Disputing a Will
Will disputes fall into 3 broad categories –
- A claim that a Will is invalid.
- A claim by a family member, or dependent, that he or she has been unfairly excluded from the Will, or left an inadequate amount. This is called an “Inheritance Act Claim”.
- A promise made to leave a bequest, which has not been honoured in the Will.
An Invalid Will Claim
A will is invalid if:
- the Testator’s signature was forged,
- it was not correctly witnessed,
- the deceased lacked the necessary mental capacity at the time he gave instructions for the Will,
- the deceased did not fully understand or approve the contents of the Will,
- the deceased was subjected to duress or undue influence to make the Will.
An Inheritance Act Claim
A spouse is entitled to be left sufficient provision in the Will of the pre-deceasing spouse.
This rule applies even if the couple were separated at the time of death – but will not apply after divorce proceedings have been concluded.
It is often said that a spouse is entitled to claim what he/she would have been awarded in a divorce settlement: this isn’t accurate – often, the entitlement will be greater – but, it is a good starting point.
Children, including step-children in full-time education may be entitled to claim sufficient to maintain them until their education is complete.
Adult children, and step-children, will find it difficult to make a successful claim unless they can show either:
- that, because of ill-health or other unfortunate life circumstances, they cannot provide financially for themselves and their family, or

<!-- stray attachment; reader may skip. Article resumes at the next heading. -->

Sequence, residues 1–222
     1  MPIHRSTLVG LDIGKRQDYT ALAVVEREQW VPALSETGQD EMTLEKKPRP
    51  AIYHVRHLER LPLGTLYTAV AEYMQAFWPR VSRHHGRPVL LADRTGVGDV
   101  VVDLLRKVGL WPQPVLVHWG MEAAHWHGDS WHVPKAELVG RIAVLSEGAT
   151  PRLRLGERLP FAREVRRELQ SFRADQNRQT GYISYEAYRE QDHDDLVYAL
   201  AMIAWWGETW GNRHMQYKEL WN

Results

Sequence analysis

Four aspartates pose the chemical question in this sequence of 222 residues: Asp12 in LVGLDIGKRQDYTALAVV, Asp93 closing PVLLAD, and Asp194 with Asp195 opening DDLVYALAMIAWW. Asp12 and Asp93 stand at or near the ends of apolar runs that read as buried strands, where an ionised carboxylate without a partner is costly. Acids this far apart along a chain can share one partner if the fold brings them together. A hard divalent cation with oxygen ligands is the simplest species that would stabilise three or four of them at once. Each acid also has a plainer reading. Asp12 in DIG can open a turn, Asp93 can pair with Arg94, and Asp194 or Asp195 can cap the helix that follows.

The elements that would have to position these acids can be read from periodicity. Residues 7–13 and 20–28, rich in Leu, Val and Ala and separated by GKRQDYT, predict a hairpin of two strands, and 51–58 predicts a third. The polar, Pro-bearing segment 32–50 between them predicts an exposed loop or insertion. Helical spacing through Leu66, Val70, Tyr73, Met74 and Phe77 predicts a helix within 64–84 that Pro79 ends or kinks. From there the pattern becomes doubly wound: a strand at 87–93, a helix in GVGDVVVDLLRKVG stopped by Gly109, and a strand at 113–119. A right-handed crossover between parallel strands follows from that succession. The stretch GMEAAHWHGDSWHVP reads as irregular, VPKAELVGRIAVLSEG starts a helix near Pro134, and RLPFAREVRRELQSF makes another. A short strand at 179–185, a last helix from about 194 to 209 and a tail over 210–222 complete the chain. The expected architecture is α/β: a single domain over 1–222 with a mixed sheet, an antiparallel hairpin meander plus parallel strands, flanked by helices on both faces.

- that the parent had financially maintained them, wholly or in part, prior to death.
- Financial dependents – even if you are not related to the deceased, if he or she was financially maintaining you – whether wholly or in part – you may be able to make a claim on the Estate.
Generally, a bare promise to leave you property or a sum of money will not be sufficient to make a successful claim.
However, in some circumstances – very broadly when you have given the deceased something significant in return (it doesn’t have to be tangible – for example, providing care would count) such a promise may be enforceable.
Disputed Will claims are a highly specialised area requiring expert investigation and evaluation. The Law is complex and, often, claims are made more difficult because of fraught family relationships.
With our in-house expertise and tactical skills, we have a high success rate in this field and, in many cases, will offer a “no win no fee” arrangement to enable a claim to be made.